The terms guardianship, custody, and adoption often confuse people as their differences are nuanced and complicated. But there are important differences between the three. This article addresses the basic concepts you may want to know if you consider adoption or guardianship for your child.
The Best Interests of the Child Standard
First, it's important to discuss family courts' standard. Family courts make decisions in the best interests of the child. This means the court will consider several factors in the child's safety and well-being. The court uses this standard when determining the custody of the child or whether to grant legal guardianship. The court also considers this standard in the adoption process.
Some factors the court will consider include the needs of the child, including any special needs. The court will look at the ability of each parent to meet their parental responsibilities. The court will look at the physical and mental health of both parents. It will consider the parent-child relationship and whether there are grounds for termination of parental rights for birth parents. Above all, the court will consider the child's welfare.
What is Custody?
Custody is a legal arrangement that stipulates who maintains and cares for the minor child. This usually happens when parents divorce or separate. Custody is legal or physical. Legal custody relates to the parent's ability to decide for the child. These include your child's religion, education, healthcare, medical treatment, and medical care. Physical custody refers to where your child lives.
What is a Guardianship?
If you are a child's legal guardian, you will have the rights and legal responsibilities to care for the child until they reach majority age. A guardian is the primary caregiver of the child. You or a judge may also revoke this legal relationship.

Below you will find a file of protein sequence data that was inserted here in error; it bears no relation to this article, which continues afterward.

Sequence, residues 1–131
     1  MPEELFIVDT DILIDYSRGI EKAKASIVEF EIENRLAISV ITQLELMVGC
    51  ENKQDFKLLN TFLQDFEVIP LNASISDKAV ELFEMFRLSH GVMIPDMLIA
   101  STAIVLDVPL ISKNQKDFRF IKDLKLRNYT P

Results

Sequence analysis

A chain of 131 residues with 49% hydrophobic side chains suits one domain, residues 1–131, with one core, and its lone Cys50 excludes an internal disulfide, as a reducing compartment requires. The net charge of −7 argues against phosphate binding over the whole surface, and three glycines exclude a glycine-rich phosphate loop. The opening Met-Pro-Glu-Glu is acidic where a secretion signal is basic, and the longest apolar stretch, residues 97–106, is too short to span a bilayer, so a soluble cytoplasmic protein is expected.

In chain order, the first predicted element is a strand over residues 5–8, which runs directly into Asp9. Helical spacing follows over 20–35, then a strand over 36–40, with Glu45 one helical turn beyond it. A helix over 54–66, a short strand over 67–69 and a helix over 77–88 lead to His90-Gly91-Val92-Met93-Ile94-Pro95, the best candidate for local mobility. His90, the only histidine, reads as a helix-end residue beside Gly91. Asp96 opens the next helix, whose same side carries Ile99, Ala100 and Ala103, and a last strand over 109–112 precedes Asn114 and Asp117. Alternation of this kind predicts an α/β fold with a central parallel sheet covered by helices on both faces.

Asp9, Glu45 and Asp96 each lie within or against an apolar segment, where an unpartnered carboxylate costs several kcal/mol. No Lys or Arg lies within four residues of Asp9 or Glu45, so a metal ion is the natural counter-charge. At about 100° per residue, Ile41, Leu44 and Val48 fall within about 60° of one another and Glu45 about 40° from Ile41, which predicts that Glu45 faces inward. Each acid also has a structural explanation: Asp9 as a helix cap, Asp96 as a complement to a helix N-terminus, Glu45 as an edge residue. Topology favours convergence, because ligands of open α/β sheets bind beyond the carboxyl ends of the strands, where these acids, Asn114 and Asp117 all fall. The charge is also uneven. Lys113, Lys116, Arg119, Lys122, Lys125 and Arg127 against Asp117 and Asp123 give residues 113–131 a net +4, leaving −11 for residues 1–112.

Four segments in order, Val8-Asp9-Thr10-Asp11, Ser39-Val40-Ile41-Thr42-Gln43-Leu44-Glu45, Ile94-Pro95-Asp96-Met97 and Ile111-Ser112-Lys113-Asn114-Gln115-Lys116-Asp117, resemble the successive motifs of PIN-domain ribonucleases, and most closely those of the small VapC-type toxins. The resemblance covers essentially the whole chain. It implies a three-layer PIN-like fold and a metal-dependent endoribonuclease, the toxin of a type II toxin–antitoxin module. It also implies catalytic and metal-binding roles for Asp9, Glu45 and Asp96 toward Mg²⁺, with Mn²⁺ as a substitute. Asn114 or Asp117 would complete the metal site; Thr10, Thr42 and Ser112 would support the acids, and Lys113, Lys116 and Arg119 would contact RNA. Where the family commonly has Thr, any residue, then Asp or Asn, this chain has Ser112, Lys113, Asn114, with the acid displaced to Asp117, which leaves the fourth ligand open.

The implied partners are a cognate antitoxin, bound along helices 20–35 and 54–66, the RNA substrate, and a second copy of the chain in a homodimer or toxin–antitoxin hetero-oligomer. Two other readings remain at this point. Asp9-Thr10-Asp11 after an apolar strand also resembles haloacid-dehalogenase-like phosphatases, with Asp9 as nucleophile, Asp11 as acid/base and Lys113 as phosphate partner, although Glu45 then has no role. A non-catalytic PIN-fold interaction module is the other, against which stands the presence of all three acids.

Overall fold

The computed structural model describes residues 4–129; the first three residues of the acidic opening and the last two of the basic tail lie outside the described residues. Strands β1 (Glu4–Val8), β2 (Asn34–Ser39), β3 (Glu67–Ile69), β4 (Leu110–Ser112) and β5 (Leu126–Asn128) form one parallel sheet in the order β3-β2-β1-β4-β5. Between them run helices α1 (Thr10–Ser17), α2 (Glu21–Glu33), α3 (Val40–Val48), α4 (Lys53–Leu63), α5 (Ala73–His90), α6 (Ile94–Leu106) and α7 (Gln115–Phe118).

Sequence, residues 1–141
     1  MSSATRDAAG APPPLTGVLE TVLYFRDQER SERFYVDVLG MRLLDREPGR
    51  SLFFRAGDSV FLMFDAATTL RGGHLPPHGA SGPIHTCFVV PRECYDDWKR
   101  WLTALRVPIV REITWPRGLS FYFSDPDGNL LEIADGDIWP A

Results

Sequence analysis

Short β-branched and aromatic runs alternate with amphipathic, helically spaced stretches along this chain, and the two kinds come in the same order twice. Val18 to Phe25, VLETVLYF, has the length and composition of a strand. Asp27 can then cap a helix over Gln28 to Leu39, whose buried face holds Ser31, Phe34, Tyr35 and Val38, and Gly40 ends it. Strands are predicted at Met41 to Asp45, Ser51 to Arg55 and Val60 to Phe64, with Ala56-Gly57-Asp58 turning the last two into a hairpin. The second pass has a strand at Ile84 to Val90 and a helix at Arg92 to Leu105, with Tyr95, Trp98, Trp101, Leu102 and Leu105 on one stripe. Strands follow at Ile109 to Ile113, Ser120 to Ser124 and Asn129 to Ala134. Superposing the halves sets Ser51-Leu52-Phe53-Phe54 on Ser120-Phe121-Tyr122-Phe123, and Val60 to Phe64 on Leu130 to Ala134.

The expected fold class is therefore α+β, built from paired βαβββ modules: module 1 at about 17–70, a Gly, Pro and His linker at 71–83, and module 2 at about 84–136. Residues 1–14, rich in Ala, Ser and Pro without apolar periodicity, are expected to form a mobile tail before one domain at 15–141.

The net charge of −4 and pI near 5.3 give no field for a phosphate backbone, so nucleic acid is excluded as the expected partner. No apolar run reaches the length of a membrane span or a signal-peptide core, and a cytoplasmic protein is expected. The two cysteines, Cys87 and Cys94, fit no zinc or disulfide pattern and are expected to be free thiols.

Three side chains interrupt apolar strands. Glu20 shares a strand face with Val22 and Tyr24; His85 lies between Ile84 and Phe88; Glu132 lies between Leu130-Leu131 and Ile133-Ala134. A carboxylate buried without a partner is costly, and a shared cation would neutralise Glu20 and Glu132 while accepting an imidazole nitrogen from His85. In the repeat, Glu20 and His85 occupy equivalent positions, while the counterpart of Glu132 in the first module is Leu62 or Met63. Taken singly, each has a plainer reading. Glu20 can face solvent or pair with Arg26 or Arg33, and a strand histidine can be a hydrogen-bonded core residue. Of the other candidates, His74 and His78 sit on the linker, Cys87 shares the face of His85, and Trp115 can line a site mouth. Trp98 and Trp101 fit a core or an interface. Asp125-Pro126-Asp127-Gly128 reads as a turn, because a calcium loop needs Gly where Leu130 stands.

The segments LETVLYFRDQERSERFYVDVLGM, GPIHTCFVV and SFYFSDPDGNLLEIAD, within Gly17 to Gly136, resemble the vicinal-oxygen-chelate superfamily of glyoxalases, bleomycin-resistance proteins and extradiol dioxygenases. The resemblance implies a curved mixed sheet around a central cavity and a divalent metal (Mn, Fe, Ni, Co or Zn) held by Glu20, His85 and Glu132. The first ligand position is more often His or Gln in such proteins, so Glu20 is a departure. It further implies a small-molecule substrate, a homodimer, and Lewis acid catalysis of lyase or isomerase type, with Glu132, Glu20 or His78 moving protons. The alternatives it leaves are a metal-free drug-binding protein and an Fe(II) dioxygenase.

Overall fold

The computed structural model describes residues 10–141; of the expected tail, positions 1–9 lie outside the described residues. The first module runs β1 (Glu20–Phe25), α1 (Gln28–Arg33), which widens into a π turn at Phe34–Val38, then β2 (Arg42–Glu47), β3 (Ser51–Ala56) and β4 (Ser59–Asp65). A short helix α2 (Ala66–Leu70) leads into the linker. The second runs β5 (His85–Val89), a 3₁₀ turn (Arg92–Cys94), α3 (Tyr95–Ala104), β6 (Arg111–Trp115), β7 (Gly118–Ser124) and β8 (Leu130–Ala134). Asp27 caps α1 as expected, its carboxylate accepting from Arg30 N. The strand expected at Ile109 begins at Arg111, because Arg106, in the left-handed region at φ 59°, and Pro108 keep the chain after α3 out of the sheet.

Parents can be guardians, but guardianship is often set up because a minor child needs someone else to make legal decisions. In guardianship, parents keep their parental rights and parental responsibilities.
Findlaw's guardianship page provides helpful resources if you want to know more about the process.
Differences Between Custody and Guardianship
The main difference between the two is that custody involves a biological parent. "guardianship" is generally used when someone other than a biological parent cares for the child. This may be a member of the family or a close family friend.
What is Adoption?
Unlike guardianship, adoption terminates the biological parents' rights. Instead, the adoptive parents have exclusive custody and parental rights over the child. Adoptive families take in the adoptive child and assume all legal responsibilities of the child. After the adoption is final, the adoptive parents become the child's legal parents.
Adoption is a permanent arrangement and can't be reversed by the biological parents. Children in foster care may live with foster parents or families, but these are temporary situations.
Adoption or Guardianship?
As a parent, you ultimately decide whether adoption or guardianship is best for your child. The following table outlines the main differences between adoption and guardianship, which could help you make an informed decision.
- Severs the legal rights of biological parents
- The legal rights of the parents remain intact
- Guardianship is temporary
- The child can inherit from their adoptive parents
- Guardians must stipulate a provision in their will
- The parent is relieved of any child support obligation
- The parent may be required to provide child support
Considering Adoption or Guardianship? Talk to an Attorney
Whichever route you choose, adoption and guardianship require awareness of the laws and extensive research. States follow different procedures. For these reasons, speaking to an attorney can be highly beneficial.
A family law attorney can provide valuable legal advice. They can help you get legal guardianship or represent you in the adoption process. They can review your eligibility for custody of a child. Attorneys can help throughout the process until you get a final court order.
Speak to a family law attorney about your case today.